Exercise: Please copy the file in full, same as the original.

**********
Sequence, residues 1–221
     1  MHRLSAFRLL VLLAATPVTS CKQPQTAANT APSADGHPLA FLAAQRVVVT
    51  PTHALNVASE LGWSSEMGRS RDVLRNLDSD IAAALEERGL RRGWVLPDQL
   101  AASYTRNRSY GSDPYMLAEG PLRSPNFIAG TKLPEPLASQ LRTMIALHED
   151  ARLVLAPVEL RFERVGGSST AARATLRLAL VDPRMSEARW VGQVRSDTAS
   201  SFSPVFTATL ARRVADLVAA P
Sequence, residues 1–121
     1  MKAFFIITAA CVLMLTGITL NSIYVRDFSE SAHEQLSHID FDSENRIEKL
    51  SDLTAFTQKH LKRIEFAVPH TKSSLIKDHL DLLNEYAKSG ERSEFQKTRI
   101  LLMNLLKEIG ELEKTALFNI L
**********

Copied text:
Sequence, residues 1–221
     1  MHRLSAFRLL VLLAATPVTS CKQPQTAANT APSADGHPLA FLAAQRVVVT
    51  PTHALNVASE LGWSSEMGRS RDVLRNLDSD IAAALEERGL RRGWVLPDQL
   101  AASYTRNRSY GSDPYMLAEG PLRSPNFIAG TKLPEPLASQ LRTMIALHED
   151  ARLVLAPVEL RFERVGGSST AARATLRLAL VDPRMSEARW VGQVRSDTAS
   201  SFSPVFTATL ARRVADLVAA P
Sequence, residues 1–121
     1  MKAFFIITAA CVLMLTGITL NSIYVRDFSE SAHEQLSHID FDSENRIEKL
    51  SDLTAFTQKH LKRIEFAVPH TKSSLIKDHL DLLNEYAKSG ERSEFQKTRI
   101  LLMNLLKEIG ELEKTALFNI L